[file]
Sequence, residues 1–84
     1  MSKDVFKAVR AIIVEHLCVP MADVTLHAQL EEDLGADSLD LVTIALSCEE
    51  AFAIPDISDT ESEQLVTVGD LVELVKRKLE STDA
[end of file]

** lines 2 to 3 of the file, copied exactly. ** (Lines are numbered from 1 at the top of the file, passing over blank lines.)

     1  MSKDVFKAVR AIIVEHLCVP MADVTLHAQL EEDLGADSLD LVTIALSCEE
    51  AFAIPDISDT ESEQLVTVGD LVELVKRKLE STDA